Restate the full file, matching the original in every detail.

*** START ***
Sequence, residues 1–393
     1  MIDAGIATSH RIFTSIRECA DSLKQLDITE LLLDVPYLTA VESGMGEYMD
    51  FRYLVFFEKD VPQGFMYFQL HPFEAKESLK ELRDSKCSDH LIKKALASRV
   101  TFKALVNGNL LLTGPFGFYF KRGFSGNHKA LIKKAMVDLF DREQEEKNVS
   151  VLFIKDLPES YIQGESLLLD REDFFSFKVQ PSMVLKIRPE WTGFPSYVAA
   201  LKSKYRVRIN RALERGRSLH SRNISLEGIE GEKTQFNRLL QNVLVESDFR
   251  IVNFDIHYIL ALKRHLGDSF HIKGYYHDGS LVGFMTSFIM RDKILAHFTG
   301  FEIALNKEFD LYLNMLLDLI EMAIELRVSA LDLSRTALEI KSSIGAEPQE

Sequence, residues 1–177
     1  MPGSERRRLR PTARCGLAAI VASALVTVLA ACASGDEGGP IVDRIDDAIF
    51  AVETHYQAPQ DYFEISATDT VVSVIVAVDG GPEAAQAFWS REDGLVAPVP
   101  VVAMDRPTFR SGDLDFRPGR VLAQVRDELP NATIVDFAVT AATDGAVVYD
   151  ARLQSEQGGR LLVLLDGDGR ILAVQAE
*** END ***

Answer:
Sequence, residues 1–393
     1  MIDAGIATSH RIFTSIRECA DSLKQLDITE LLLDVPYLTA VESGMGEYMD
    51  FRYLVFFEKD VPQGFMYFQL HPFEAKESLK ELRDSKCSDH LIKKALASRV
   101  TFKALVNGNL LLTGPFGFYF KRGFSGNHKA LIKKAMVDLF DREQEEKNVS
   151  VLFIKDLPES YIQGESLLLD REDFFSFKVQ PSMVLKIRPE WTGFPSYVAA
   201  LKSKYRVRIN RALERGRSLH SRNISLEGIE GEKTQFNRLL QNVLVESDFR
   251  IVNFDIHYIL ALKRHLGDSF HIKGYYHDGS LVGFMTSFIM RDKILAHFTG
   301  FEIALNKEFD LYLNMLLDLI EMAIELRVSA LDLSRTALEI KSSIGAEPQE

Sequence, residues 1–177
     1  MPGSERRRLR PTARCGLAAI VASALVTVLA ACASGDEGGP IVDRIDDAIF
    51  AVETHYQAPQ DYFEISATDT VVSVIVAVDG GPEAAQAFWS REDGLVAPVP
   101  VVAMDRPTFR SGDLDFRPGR VLAQVRDELP NATIVDFAVT AATDGAVVYD
   151  ARLQSEQGGR LLVLLDGDGR ILAVQAE